A defense of Bev Oda

Par David T. Jones le 5 août 2012

Washington, DC - Far be it for an American to offer a defense for a disgraced Canadian, but there is a touch of “kicking someone who is down” with the piling on commentary following Oda’s “retirement” on 3 July.  Essentially, she jumped before being defenestrated, but the absence of any context to her departure deprives Canadians of invaluable perspective.

In that regard, during a June visit to Ottawa, I asked an obvious question:  “Why doesn’t Bev Oda ‘get it’ so far as her abuse of ministerial travel expenditures is concerned?  The proximate stimulus for a distant observer such as I was the publicity over her expenditures during a 2011 conference in London.  As is well known, during that meeting, Oda switched from the conference hotel to the Savoy, hired a limousine, and consumed $16 orange juice—subsequently overbilling the government for these expenses.  In April 2012, these improprieties came to light, and she apologized publicly and repaid the overbilling.  

In answer to my “why,” the response was immediate.  Oda is an unrepentant, compulsive chain smoker—a circumstance widely known throughout the Ottawa media and by political cognoscenti but never reported.  She was a chain smoker to the extent that she was always in search (within Parliament) of spots where she could light up.  Thus the first hotel (where the conference was being held) was totally nonsmoking; London taxis are nonsmoking; and $16 orange juice is a “gotcha” charge at many hotels where the patron foolishly assumes that the buffet breakfast or room service includes orange juice.  

Oda’s chain smoking was so persistent that reportedly she would smoke in nonsmoking hotel rooms and pay the associated penalty/fines.  Yet the most that a “not-in-the-know” Canadian might surmise was an extrapolation from the photo of Oda with a cigarette stuck in her mouth.

Oda’s chain smoking is an explanation, not an acceptable excuse.  The failures lay in her own blithe behavior, which was hardly a “one off” occurrence, and the absence of “minders” who should have noted the hotel price differences to Oda and arranged for compensatory payment before it came to media attention.  And perhaps suggested a brisk walk from her hotel to the conference center would also do her lungs some good.  In the end, her decision to embrace a nicotine addiction presumably is a personal health question—but the costs she attempted to consign to the public were not.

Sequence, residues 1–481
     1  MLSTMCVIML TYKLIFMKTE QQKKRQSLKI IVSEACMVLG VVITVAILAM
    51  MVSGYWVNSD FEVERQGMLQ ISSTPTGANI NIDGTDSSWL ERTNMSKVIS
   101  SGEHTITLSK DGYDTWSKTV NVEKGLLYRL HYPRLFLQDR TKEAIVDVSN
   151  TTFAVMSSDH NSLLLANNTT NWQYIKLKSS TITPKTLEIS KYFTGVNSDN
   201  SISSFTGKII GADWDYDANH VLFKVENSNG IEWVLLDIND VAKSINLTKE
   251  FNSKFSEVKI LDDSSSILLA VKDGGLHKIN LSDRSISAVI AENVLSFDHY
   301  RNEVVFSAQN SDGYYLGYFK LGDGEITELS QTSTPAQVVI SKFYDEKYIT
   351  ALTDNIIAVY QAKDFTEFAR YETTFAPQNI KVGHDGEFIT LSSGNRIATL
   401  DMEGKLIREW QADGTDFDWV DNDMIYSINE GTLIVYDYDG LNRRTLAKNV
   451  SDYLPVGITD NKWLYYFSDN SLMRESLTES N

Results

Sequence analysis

It is possible that the media ignored this explanation as it might have generated a scintilla of sympathy for her.  Although, admittedly, the sympathy for an inveterate smoker is not much higher in some circles than it would be for a child abuser or spouse beater.  

Oda has provided a strawwoman with which critics can torch the Harper administration regarding its foreign assistance policy.  Foreign assistance has no constituency—or rather it has multiple critical constituencies.  There are those that want more (or no) foreign assistance; those that want current amounts reduced; those that want it redistributed; and those that object to any redistribution to a specific country (versus providing it to another country).  So regardless of her other (real) shortcomings, Oda was inevitably going to be used up in the process.  It is a tribute to her status as one of the prime ministers strongest early supporters, as well as being a female visible minority, that she lasted as long as she did.

One can already hear the grinding of the knives being sharpened for future Minister Julian Fantino; he’ll need eyes in the back of his head to survive until the next Cabinet shuffle.


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